Trump was right: Media is the ‘opposition party’

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As members of the news media wade into the turbulent waters of the new Trump administration, there is confusion over the part they should be playing.

Their traditional role is that of the Fourth Estate, the unelected fourth branch of government, which on behalf of the people is charged with holding the other three branches accountable. But in the early days of the Trump administration, media members appear to have cast themselves as the opposition party, taking positions in opposition to the new president at every turn.

That is a role never intended when the Founding Fathers granted the press great freedom.

We already have an opposition party. With Republicans in control of the White House and both houses of Congress, the opposition party is the Democrats. And as we can easily see by checking the news in the early days of the Trump presidency, the Democratic opposition, led in the early going by Senate Minority Leader Charles Schumer of New York, is alive and well and playing that role with gusto.

{mosads}Nonetheless, the news media appears to believe the Democrats need help. So most major news outlets have joined the fray, not just as reporters, but also as advocates with an opposing voice that is even louder than the Democrats.


Whether it be the news pages or the opinion columns, the volume and vitriol are overwhelmingly negative and directed against President Trump.

Consider these two “news stories” in Saturday’s Washington Post:

  • “Why Trump’s promises look like pie in the sky,” was the headline for a Page One story. The lead paragraph was, “No one can accuse Donald Trump of campaigning in poetry. But after just one week in the White House, the new president is bumping up against the hard reality of governing in prose.”
  • A Page Three headline read, “At his opener on world stage, Trump chews up the scenery.” The story began, “The world according to President Trump is mostly about President Trump.”

These are not news stories. They are opinion pieces masquerading as news. They should be labeled “analysis,” at the very least.

But then, there are those who say the days of so-called objective reporting are gone. Look at the tweets sent out by reporters covering Trump. Most of them express opinions and most are against the president. That is unfortunate.

The losers are news consumers who count on the media to give them an honest view of what their government and its leaders are doing on a day-to-day basis. Such negativity saps public confidence in their news sources as well as public officials.

When Trump adviser Stephen Bannon, and then Trump himself, criticized the media for taking on the role of the “opposition party,” and when Bannon said the media ought to “keep its mouth shut,” the howls from the news industry were afire with indignation and outrage. “We will not shut up” was the most common response to Bannon’s angry tirade.

Bannon should not have told the media to “keep its mouth shut.” He might better have said, “Calm down.” We vitally need a free and independent press. It is a cornerstone of our democracy.

What many Trump supporters are asking for is straighter reporting and analysis not filtered through a liberal or Democratic lens.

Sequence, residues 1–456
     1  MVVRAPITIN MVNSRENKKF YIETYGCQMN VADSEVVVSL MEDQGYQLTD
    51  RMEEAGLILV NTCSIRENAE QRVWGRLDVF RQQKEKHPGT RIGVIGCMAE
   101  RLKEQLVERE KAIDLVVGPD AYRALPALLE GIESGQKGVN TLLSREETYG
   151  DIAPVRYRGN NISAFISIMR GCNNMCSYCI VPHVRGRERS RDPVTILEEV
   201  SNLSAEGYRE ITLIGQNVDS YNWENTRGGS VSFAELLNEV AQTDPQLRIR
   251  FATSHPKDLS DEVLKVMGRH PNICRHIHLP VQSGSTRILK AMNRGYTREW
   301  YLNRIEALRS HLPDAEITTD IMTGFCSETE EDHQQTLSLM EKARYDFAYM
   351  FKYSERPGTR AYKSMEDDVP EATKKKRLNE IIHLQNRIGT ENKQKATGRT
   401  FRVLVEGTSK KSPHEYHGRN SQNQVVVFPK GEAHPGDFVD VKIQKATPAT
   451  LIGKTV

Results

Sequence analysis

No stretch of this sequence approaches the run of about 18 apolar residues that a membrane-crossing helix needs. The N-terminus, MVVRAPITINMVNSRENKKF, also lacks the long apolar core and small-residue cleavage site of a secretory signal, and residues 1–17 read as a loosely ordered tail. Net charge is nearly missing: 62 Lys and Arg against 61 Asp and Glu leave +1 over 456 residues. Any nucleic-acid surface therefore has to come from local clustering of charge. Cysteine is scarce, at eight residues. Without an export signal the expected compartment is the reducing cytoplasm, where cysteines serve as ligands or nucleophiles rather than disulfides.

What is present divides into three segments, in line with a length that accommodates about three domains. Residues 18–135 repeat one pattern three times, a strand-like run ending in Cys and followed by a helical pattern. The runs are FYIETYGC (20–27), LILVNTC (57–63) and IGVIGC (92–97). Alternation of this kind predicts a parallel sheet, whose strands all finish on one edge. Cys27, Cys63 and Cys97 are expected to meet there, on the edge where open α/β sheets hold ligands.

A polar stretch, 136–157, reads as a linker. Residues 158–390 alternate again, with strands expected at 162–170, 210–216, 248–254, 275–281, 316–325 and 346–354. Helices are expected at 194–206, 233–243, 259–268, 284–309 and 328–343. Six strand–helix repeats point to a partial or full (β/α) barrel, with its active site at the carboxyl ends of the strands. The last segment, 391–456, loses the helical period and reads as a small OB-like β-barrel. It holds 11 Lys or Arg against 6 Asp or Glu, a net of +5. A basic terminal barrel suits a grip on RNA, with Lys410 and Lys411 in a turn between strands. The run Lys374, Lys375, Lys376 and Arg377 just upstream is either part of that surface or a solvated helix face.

While most political reporters and editors might be liberals — they overwhelmingly donated to Democratic candidates and seemed to favor Democratic nominee Hillary Clinton in the last election — most of the country is not. A Gallup Poll released in January found 36 percent of Americans identified themselves as conservative, 34 percent as moderate and 25 percent as liberal, making this a slightly right-of-center country.

Little surprise, then, that another recent Gallup Poll showed declining public trust in the media to report the news “fully, fairly and accurately”; a record-low 32 percent in 2016. And media trust was much lower among Republicans, at 14 percent, than Democrats, at 51 percent.

Trump exploited that low trust in the last campaign. He continues it now with his repeated media attacks on what he sees as unfair coverage.

The news media like to point to the need for more diversity in politics, business leadership, education, Oscar nominations, science and engineering and most of the professions.

However, one area where the media fall short in calls for diversity is in their own newsrooms, where political diversity is in short supply.

That is why there is some confusion over the media’s role in its relationship with government. There are many making the news decisions and doing the reporting who see themselves as the opposition party because they are the opposition party: Democrats in philosophy and sentiment.

The Fourth Estate points out government wrongs so they can be fixed and the American people better served. The opposition party works to promote its philosophy, defeat its opponents in power and elect its own.

There is a big difference, but many in the news media still have not figured that out.

Richard Benedetto is a retired USA Today White House correspondent and columnist. He teaches politics and journalism at American University and in the Fund For American Studies Program at George Mason University. Follow him on Twitter @benedettopress.

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